Harper, Zimmerman HRs lift Nats past Cubs 6-3 to even NLDS
Things were looking bleak for the Washington Nationals and their dormant offense until Bryce Harper and Ryan Zimmerman took over.
Harper hit a tying two-run homer in the eighth inning and Zimmerman tacked on a three-run shot moments later to lift the Washington Nationals to a 6-3 comeback victory over the defending World Series champions Chicago Cubs on Saturday, evening their National League Division Series at a game apiece.
The Nationals were in serious danger of falling behind 0-2 in the series, entering the eighth trailing 1-3 after losing 0-3 in Game 1. But after accumulating four hits through the first 16 innings of the postseason, NL East champion Washington broke out with five runs and four hits, led by 2015 NL MVP Harper and longtime face of the franchise Zimmerman.
"I was kind of bewildered, because it's not too many teams or pitchers that have held us in check like that for a couple days," Nationals manager Dusty Baker said. "I just knew in the bottom of my heart that we were going to explode for some numbers, which we've done all year."
The NLDS moves to Wrigley Field for Game 3 on Monday. The Cubs will have Jose Quintana on the mound and the Nationals counter with two-time Cy Young Award winner Max Scherzer, who was pushed back in the rotation because of an injured right hamstring.
Jon Lester held Washington to one run and two hits through six innings, but Cubs manager Joe Maddon turned to his bullpen and everything changed.
After pinch hitter Adam Lind led off the eighth with a single, Harper connected off a hanging curveball from Carl Edwards Jr, taking a moment to admire his shot before chucking his bat to the ground as the ball reached the second deck in right field. His teammates in the dugout reacted immediately, screaming and raising fists as the ball tore through the night air.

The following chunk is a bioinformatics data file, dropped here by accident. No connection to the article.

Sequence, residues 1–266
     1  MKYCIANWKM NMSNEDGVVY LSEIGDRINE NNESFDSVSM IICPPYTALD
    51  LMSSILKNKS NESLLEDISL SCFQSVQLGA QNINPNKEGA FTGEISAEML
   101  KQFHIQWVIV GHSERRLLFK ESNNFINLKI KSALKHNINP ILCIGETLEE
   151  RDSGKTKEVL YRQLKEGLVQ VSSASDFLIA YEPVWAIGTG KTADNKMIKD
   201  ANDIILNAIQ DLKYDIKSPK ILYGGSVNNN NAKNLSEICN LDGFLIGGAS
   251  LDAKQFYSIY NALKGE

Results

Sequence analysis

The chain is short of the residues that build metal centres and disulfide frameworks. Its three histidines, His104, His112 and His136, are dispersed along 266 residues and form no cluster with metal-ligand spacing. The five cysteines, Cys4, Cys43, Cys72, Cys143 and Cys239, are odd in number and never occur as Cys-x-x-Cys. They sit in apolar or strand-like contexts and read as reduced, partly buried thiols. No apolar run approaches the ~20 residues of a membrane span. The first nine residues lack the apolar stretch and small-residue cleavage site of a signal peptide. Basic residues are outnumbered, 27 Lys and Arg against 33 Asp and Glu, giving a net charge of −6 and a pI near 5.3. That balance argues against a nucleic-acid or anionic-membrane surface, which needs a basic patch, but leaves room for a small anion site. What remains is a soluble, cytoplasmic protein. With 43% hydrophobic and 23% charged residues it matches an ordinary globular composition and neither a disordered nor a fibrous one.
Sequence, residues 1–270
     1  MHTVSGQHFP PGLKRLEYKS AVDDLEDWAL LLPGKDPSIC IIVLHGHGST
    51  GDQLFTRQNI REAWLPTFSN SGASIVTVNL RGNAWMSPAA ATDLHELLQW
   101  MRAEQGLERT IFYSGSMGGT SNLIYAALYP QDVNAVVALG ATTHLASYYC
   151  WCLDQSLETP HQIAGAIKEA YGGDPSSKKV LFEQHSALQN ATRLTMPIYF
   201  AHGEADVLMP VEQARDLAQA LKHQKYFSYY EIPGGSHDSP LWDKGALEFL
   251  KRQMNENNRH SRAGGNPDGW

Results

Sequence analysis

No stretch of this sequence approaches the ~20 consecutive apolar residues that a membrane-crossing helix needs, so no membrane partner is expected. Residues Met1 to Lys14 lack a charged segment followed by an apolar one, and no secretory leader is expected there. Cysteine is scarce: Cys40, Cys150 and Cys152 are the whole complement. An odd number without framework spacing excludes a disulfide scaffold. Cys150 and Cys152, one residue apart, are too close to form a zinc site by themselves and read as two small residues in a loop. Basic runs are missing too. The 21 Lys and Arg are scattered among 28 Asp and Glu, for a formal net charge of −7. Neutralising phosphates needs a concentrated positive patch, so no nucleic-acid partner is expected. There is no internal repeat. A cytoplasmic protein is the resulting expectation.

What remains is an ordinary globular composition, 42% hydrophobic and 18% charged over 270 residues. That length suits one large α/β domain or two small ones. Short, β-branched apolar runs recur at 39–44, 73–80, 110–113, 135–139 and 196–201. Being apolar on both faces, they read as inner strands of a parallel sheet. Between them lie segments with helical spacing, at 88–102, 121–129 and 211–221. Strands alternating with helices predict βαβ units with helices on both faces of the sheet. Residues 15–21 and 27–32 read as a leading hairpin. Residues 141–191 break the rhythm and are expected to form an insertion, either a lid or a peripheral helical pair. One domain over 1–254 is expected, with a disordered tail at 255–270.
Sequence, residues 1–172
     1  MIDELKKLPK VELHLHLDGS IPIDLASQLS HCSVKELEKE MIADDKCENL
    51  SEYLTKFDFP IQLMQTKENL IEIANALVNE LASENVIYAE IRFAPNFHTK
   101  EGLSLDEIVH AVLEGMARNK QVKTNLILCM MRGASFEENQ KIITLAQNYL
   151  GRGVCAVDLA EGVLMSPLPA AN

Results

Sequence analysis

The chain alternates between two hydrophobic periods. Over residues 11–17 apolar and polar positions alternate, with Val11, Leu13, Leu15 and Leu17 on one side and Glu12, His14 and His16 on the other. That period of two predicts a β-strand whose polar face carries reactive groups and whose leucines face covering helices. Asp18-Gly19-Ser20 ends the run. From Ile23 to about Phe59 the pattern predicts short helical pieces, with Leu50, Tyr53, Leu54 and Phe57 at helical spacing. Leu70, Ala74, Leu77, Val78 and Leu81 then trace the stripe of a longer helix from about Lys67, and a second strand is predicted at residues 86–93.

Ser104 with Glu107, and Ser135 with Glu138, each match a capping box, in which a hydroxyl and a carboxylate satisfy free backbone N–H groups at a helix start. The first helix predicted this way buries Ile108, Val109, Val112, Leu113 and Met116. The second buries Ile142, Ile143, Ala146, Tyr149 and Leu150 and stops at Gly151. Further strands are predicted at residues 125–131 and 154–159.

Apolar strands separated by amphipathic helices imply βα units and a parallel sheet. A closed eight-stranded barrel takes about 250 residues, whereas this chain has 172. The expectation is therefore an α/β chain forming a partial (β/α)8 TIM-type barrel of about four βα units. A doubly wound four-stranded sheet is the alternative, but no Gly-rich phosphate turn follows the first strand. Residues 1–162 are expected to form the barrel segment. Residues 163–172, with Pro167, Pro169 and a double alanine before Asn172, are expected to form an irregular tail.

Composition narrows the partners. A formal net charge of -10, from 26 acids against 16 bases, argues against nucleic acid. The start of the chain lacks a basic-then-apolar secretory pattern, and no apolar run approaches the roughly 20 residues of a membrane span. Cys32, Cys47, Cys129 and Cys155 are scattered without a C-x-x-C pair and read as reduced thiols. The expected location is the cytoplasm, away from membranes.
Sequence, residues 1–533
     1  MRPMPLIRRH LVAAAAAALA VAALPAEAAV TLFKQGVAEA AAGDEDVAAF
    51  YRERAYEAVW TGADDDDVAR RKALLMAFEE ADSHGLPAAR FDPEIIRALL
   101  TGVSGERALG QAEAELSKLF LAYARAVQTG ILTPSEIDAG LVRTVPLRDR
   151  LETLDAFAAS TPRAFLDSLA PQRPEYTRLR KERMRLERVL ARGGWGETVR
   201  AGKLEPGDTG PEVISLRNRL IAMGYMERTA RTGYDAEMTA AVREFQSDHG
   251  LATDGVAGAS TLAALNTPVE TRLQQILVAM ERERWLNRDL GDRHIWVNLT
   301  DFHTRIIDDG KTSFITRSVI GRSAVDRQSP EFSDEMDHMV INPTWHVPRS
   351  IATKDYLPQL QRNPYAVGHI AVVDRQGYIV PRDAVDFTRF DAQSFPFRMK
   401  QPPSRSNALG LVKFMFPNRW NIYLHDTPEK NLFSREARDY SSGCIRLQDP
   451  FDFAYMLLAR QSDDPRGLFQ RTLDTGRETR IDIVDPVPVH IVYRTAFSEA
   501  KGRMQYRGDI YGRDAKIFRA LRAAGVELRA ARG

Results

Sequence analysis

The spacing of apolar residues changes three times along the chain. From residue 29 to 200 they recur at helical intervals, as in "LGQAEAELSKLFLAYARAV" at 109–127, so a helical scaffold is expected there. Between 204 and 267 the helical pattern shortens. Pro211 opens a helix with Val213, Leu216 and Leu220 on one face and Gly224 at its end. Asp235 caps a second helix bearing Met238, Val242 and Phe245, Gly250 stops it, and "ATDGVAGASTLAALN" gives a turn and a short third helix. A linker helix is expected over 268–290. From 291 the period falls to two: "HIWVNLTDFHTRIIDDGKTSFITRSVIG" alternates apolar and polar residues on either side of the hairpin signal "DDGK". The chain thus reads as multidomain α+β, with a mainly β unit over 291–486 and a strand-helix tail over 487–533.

Maddon defended his decision to have the righty-throwing Edwards pitch to the lefty-batting Harper.
"He made a bad pitch and the guy didn't miss it, and that's it. Sometimes that happens. Bryce is good. CJ is good," Maddon said. "Bryce got him."
It was the first extra-base hit for Harper since he returned from the disabled list during the last week of September after missing 42 games with an injured knee. He was only 4 for 25 overall in the regular season and playoffs after coming back until that possibly series-altering at-bat.
After the next two men reached, Zimmerman stepped in to face Mike Montgomery. This has been a renaissance year for the first baseman, who had only 15 homers and 46 RBIs during an injury-plagued 2016, but led the Nationals this season with 36 homers and 108 RBIs.
His shot off a 93 mph fastball was hardly the no-doubter Harper's drive was, but on an evening in which balls carried in 12 mph wind — every run scored on a homer — this one barely cleared the green wall in left field.
It made a winner of Oliver Perez, who pitched to one batter in the eighth, Anthony Rizzo, and induced an inning-ending double play. The last of Washington's six pitchers, closer Sean Doolittle, came on for the ninth and earned the save.
In the fourth, Rizzo became the Cubs' career leader in postseason homers (6) and RBIs (16) with a tiebreaking two-run shot off Gio Gonzalez to give Chicago a 3-1 lead.
Washington's Anthony Rendon had homered off Lester in the first, and Chicago's Willson Contreras went deep against Gonzalez in the second.